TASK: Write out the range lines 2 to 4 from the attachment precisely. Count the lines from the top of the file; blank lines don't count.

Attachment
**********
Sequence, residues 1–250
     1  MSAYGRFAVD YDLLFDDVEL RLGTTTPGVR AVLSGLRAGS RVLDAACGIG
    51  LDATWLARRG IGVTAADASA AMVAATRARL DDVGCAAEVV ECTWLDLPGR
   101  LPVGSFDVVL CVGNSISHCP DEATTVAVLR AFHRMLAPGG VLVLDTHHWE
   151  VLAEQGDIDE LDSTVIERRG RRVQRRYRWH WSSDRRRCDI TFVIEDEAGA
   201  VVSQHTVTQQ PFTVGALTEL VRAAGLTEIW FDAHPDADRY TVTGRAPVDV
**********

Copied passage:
     1  MSAYGRFAVD YDLLFDDVEL RLGTTTPGVR AVLSGLRAGS RVLDAACGIG
    51  LDATWLARRG IGVTAADASA AMVAATRARL DDVGCAAEVV ECTWLDLPGR
   101  LPVGSFDVVL CVGNSISHCP DEATTVAVLR AFHRMLAPGG VLVLDTHHWE